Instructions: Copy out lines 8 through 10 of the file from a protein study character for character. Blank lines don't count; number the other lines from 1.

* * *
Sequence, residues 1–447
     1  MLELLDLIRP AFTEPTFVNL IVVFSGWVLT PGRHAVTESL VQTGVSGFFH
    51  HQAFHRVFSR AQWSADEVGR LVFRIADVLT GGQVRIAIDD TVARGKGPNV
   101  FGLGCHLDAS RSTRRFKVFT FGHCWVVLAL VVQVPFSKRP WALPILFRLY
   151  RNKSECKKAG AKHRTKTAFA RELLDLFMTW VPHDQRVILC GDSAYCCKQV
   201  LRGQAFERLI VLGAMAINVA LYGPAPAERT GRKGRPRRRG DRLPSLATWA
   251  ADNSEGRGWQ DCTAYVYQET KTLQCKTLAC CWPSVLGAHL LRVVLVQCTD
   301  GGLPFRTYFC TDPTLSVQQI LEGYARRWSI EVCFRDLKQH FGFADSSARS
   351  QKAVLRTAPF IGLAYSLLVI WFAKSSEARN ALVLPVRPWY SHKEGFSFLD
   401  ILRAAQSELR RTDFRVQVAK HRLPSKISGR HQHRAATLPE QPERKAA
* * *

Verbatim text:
   301  GGLPFRTYFC TDPTLSVQQI LEGYARRWSI EVCFRDLKQH FGFADSSARS
   351  QKAVLRTAPF IGLAYSLLVI WFAKSSEARN ALVLPVRPWY SHKEGFSFLD
   401  ILRAAQSELR RTDFRVQVAK HRLPSKISGR HQHRAATLPE QPERKAA